Iran condensate on the rise

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And we welcome the distraction of tomorrow’s inventory report with open arms, as well as Nonfarm Friday after that, as it takes some focus away from the ongoing OPEC shenanigans. As prices maintain a footing despite a super-strong dollar, hark, here are five things to consider in oil markets.   

1) Iranian export loadings continue to hold close to pre-sanction levels of 2.6 million barrels per day, buoyed by a rise in export loadings of South Pars condensate. Production of the condensate is currently at around 550,000 bpd, and as our ClipperData illustrate below, the vast majority of this is getting exported – all loaded at Asaluyeh. 

Projections suggest exports could keep on rising, with barrels being pulled from floating storage to meet demand. Our latest floating storage report pegs Iranian barrels at just over 32 million barrels. The leading destination of South Pars condensate so far this year is South Korea, followed by UAE, Japan and China.  

south_pars_condensate.jpg2) Even though Hurricane Matthew is not set to enter the Gulf of Mexico, it will have all manner of other ramifications on crude flows despite the lack of threat to U.S. oil and gas infrastructure. While the storm is set to hinder imports into the Gulf coast (and gasoline flows to the East coast later in the week, most likely), it is also causing the shutting in of 33mn bbls of storage in the Bahamas.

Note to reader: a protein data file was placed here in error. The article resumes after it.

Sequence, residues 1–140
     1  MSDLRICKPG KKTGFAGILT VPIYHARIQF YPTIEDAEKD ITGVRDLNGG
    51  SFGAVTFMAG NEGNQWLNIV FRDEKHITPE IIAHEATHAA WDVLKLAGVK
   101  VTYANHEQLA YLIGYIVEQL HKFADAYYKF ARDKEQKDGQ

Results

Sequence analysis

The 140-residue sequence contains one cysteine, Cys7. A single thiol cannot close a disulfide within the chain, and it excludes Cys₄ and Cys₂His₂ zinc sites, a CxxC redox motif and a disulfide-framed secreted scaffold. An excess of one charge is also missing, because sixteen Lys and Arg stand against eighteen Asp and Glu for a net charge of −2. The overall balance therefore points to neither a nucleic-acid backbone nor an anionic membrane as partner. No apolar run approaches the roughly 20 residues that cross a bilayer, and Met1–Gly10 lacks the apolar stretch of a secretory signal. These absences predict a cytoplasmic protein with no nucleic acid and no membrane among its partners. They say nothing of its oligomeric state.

There are two key storage terminals in the Bahamas: Buckeye’s Freeport terminal, which has storage capacity of 26.2mn bbls, and Statoil’s South Riding terminal, which has 6.7 mn bbls of capacity. The two send oil to nine different countries, but with the U.S. being the key destination. 

As our ClipperData illustrate below, crude loadings from the Bahamas to the U.S. have averaged 3.74 million barrels per month so far this year, with most coming from the Buckeye terminal. The majority of the crude in storage is from Latin America, which makes logical sense, given its proximity.

Colombian medium sour Vasconia accounts for just over half the export volumes from the Bahamas to the U.S. this year, with Venezuela’s heavy sour Merey in second place, accounting for